Editorial | The state must stop meddling in SOEs

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The SABC headquarters in Auckland Park, Johannesburg. Picture: Supplied
The SABC headquarters in Auckland Park, Johannesburg. Picture: Supplied


Spare a thought for the poor souls who have been tasked with rescuing the state-owned enterprises (SOEs) that were wrecked during the wasted decade.

They have to contend with having to make tough decisions to get the ailing entities off their knees, as well as interference from political bosses who are afraid to bite the bullet and suffer the consequences of unpopular decisions.

Many of the boards and executive committees that came in after the ouster of the rogue regime of former president Jacob Zuma did so with the intention of doing the country a service and leaving a legacy of having fixed broken organisations.

For most of them, it was never about the fat executive pay cheque – although the remuneration is competitive – or about the board fees and access to business opportunities.

Many have been hamstrung by the inability of the governing ANC to behave like a responsible shareholder and leave the running of the companies to a trusted board that oversees an able executive management team.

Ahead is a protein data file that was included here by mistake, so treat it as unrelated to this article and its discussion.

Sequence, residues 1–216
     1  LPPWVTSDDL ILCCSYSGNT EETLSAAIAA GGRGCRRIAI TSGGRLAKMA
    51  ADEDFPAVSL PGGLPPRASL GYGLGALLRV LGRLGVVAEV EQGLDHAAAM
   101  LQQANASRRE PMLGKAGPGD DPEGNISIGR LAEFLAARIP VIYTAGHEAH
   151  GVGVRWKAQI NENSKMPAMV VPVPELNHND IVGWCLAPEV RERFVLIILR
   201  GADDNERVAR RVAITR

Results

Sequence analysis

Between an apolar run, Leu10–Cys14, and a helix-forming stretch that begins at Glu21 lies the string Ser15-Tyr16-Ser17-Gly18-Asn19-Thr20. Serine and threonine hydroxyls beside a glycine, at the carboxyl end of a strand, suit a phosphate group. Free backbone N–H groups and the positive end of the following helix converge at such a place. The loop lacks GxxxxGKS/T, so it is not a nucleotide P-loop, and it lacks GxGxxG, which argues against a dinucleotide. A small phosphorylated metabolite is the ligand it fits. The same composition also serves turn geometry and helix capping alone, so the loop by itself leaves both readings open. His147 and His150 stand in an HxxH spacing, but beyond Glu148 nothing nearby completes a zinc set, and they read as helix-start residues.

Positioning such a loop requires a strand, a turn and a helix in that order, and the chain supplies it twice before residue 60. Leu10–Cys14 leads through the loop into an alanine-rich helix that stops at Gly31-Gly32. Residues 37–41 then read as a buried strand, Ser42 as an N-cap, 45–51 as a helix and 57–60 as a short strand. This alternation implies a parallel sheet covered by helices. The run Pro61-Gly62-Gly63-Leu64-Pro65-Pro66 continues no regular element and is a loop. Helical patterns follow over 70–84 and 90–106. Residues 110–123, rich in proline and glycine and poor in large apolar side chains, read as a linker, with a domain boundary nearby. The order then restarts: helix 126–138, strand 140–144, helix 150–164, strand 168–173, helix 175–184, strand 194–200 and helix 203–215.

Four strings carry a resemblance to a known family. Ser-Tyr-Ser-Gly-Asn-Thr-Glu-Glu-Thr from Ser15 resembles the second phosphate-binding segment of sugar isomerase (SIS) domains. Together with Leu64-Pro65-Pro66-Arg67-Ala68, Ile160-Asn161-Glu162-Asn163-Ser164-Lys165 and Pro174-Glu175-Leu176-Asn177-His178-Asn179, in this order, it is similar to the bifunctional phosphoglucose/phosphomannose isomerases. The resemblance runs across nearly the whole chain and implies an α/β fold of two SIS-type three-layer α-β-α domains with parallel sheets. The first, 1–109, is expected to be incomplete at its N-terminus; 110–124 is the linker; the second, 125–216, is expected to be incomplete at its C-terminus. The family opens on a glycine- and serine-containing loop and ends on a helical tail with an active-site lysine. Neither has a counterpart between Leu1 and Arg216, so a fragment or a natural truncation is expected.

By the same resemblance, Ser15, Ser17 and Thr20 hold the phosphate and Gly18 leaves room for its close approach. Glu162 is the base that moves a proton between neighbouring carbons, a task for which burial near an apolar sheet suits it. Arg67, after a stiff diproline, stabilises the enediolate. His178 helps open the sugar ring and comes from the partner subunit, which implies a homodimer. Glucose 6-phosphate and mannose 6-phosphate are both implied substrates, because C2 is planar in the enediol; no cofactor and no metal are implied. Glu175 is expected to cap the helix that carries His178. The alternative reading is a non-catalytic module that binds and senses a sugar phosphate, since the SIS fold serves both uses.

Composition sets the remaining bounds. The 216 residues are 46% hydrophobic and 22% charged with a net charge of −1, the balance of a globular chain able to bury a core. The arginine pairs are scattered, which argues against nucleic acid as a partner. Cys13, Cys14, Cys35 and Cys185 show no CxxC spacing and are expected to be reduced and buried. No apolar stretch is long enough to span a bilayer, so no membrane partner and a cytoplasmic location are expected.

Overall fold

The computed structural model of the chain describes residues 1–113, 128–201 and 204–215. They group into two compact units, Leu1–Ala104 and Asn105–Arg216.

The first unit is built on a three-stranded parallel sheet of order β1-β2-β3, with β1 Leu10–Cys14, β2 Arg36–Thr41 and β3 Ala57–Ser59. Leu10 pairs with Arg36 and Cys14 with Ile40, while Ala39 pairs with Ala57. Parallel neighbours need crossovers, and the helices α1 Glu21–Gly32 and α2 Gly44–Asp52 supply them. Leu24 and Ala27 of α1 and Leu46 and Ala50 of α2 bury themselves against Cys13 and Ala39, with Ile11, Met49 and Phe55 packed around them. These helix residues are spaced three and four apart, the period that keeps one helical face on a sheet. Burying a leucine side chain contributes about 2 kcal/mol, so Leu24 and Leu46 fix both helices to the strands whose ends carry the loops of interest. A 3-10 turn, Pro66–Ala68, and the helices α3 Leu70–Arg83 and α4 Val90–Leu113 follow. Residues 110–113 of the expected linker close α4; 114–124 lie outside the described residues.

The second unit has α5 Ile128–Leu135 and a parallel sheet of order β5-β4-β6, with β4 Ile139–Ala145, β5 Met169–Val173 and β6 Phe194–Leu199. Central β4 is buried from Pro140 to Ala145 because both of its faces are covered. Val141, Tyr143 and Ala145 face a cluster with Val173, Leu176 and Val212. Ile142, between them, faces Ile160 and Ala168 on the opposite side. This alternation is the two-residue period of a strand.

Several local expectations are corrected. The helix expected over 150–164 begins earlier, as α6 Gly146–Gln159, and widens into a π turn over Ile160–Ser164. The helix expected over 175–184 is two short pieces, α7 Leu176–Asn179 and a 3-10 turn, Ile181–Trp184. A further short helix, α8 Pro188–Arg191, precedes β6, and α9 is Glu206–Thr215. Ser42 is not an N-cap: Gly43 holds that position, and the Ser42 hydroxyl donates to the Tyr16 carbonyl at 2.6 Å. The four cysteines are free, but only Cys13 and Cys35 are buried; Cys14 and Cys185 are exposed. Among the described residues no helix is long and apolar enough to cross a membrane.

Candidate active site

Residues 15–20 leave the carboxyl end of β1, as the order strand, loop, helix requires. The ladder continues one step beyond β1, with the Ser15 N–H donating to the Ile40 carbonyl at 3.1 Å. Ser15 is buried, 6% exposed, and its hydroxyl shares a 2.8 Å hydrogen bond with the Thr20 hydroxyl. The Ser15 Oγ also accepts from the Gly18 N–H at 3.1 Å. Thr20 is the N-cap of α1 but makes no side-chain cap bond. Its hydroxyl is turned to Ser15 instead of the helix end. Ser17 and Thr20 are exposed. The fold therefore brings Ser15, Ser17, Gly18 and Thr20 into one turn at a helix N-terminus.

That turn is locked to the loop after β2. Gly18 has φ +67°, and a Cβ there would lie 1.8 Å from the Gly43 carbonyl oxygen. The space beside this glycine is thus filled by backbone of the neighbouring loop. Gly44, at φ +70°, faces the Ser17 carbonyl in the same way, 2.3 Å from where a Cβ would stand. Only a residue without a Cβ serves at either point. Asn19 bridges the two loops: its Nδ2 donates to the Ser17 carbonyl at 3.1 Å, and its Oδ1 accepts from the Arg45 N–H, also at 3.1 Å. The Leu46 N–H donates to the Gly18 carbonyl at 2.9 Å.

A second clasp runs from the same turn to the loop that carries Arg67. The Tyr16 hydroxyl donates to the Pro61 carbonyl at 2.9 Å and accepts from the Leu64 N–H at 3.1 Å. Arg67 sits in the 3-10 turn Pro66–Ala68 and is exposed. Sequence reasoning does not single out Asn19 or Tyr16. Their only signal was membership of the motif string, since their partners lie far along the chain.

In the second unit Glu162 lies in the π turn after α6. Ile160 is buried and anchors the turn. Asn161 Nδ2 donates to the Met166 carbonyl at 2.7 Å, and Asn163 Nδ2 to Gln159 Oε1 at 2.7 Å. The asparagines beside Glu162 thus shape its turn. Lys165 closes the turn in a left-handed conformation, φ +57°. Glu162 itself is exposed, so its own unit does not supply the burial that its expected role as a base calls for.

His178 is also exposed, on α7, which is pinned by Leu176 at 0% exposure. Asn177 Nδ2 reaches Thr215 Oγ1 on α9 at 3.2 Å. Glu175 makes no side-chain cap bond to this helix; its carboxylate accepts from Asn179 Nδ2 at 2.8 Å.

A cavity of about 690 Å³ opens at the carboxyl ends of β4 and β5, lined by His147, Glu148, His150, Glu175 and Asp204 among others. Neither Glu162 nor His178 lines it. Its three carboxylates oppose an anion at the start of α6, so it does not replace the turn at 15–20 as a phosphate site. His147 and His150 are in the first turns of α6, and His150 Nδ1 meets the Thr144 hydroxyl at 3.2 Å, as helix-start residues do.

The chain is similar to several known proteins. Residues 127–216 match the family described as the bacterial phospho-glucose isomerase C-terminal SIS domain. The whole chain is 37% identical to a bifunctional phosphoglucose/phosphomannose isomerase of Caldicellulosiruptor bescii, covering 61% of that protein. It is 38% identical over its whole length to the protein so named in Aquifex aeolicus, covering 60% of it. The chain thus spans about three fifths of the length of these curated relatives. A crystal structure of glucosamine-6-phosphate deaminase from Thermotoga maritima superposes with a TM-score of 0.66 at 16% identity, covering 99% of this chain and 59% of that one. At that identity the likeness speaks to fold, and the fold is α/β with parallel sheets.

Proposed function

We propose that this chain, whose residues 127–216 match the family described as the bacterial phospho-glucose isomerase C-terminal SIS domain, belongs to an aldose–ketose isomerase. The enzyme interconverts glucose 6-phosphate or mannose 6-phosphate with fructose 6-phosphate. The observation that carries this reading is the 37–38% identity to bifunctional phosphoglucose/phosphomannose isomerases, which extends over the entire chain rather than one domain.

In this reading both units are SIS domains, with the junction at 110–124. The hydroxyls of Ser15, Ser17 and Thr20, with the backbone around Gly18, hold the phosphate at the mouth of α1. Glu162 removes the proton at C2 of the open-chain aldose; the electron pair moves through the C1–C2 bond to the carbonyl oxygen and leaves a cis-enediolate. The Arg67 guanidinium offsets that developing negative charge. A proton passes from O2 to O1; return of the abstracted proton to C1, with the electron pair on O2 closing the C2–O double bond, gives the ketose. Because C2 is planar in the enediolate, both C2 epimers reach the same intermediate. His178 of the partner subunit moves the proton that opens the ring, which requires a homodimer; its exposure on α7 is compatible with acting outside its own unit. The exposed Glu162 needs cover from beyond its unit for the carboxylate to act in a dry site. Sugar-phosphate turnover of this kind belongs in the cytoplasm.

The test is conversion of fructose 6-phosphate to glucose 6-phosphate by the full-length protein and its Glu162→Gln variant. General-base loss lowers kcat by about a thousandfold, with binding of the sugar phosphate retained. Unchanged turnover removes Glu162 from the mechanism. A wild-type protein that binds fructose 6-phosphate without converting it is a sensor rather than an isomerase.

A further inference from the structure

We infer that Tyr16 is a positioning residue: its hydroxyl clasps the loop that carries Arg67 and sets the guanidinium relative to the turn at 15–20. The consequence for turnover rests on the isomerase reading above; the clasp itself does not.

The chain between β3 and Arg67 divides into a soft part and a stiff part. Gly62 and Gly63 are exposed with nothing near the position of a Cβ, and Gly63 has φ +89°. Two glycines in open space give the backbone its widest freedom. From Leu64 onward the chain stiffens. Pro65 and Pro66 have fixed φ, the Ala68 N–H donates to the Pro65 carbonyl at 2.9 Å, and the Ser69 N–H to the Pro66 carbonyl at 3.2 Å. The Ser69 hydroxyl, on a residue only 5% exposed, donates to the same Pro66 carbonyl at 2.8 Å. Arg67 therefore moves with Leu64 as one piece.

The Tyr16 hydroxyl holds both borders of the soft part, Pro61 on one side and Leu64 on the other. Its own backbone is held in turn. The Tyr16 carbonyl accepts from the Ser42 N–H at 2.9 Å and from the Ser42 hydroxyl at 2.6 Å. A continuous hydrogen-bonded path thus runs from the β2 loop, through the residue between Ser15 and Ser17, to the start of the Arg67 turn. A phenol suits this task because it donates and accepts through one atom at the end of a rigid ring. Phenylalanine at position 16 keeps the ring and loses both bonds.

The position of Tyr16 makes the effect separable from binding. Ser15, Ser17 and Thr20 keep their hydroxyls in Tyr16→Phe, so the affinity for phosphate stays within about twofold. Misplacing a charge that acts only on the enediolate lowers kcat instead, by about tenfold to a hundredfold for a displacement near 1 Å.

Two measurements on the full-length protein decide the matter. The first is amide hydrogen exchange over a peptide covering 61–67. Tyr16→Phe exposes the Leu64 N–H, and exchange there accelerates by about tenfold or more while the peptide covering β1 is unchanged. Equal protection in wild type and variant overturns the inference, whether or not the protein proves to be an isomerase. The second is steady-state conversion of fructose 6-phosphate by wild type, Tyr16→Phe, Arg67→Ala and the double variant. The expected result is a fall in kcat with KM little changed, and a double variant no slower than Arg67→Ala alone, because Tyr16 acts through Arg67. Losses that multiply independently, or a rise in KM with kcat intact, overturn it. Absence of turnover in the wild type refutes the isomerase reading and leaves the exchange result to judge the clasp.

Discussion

In almost every instance – from Eskom and SAA to the SABC – the governing party has positioned itself as a trade union and ideological overseer.

Read: SABC records better performance despite R511m loss

Eskom’s debt has ballooned because government intervened to prevent management from cutting the bloated wage bill, which forms a huge part of the costs.

SAA is grounded because of government’s ideological weddedness to the idea that a national airline must be owned by the state, regardless of the drain on the overburdened fiscus.

It is the ANC – in the form of its secretary-general, the communications minister and other leaders and structures – that has overstepped.

The SABC, which has been in the news this week, is unable to get out of the dwang because the ANC keeps taking the side of the workforce that was bloated and pampered by a demented Hlaudi Motsoeneng, who ran the place like Donald Trump runs the White House.

As journalists, we will always stand by our colleagues and their labour rights.

We recognise their right to fight management to preserve as many jobs as possible. It is the duty of their respective unions to fight this fight.

But it is the ANC – in the form of its secretary-general, the communications minister and other leaders and structures – that has overstepped.

The governing party and government’s first priority should be the health of the public broadcaster.

If we are to fix our SOEs and let them play the developmental role they are supposed to, the ANC must wean itself off the need to control all.

And if the SABC is to become the broadcaster we dreamt of, one that holds its own in this digital era, the governing party must stay in its lane.


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